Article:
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Report Finds No Proof That Delays In Care Caused Veterans' Deaths

The Office of the Inspector General at the Department of Veterans Affairs said in a new report today that there was no proof that delays in care at the VA facility in Phoenix led to the death of as many as 40 veterans. But the report did find other systemwide problems that the department said it will fix.

NPR's Quil Lawrence, who is reporting on the story for our Newscast unit, says: "The biggest headline from this veterans report from the Department of Veterans Affairs was that they could not come up with evidence to conclusively prove that veterans had died because they were waiting for care at the Phoenix VA.

"The original scandal alleged that 40 veterans had died while waiting for care in Phoenix," he says. "Now while this report couldn't find evidence of that, it is a pretty damning report. It said that there were terrible delays for thousands of veterans in the Phoenix VA system, and it said it could not capture the personal disappointment, the frustration, loss of faith from individual veterans in the VA system because of these delays."

As we've reported previously, the VA "has been engulfed in controversy over allegations that the agency falsified documents and allowed sick veterans to languish in its bureaucracy."

Eric Shinseki, who headed the agency, resigned over the scandal earlier this year.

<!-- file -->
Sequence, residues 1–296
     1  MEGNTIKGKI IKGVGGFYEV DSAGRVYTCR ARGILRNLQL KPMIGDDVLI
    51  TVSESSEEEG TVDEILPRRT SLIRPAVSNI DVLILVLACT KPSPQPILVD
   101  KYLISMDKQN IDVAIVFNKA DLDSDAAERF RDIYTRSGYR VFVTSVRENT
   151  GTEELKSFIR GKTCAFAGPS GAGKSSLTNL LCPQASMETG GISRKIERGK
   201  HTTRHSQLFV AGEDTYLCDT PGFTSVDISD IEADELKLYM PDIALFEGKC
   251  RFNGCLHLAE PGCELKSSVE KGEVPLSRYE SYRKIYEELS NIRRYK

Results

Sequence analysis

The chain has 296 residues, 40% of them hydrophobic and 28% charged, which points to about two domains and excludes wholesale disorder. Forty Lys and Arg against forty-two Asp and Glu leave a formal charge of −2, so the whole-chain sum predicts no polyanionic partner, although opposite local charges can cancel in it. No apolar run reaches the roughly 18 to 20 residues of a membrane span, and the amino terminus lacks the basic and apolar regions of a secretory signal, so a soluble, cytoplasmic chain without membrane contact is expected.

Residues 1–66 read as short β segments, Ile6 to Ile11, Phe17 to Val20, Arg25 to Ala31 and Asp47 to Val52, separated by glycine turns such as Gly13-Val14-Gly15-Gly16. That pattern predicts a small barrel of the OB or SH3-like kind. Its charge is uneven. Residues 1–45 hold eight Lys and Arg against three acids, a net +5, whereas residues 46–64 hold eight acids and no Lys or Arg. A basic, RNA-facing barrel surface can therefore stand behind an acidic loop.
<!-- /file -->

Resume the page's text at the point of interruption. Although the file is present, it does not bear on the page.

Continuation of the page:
Responding to the report, VA Secretary Robert McDonald said the department would implement the two dozen recommendations in Tuesday's report.

"We sincerely apologize to all veterans and we will continue to listen to veterans, their families, veterans service organizations and our VA employees to improve access to the care and benefits veterans earned and deserve," he said in a memo attached to the report that was also signed by Carolyn Clancy, the interim undersecretary for health at the department.

Speaking to a gathering of veterans in Charlotte, N.C., on Tuesday, President Obama reiterated his administration's commitment to veterans.

"As today's generation of service members keeps us safe, and as they come home, we also have to meet our responsibilities to them," he said.

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Krishnadev Calamur is NPR's deputy Washington editor. In this role, he helps oversee planning of the Washington desk's news coverage. He also edits NPR's Supreme Court coverage. Previously, Calamur was an editor and staff writer at The Atlantic. This is his second stint at NPR, having previously worked on NPR's website from 2008-15. Calamur received an M.A. in journalism from the University of Missouri.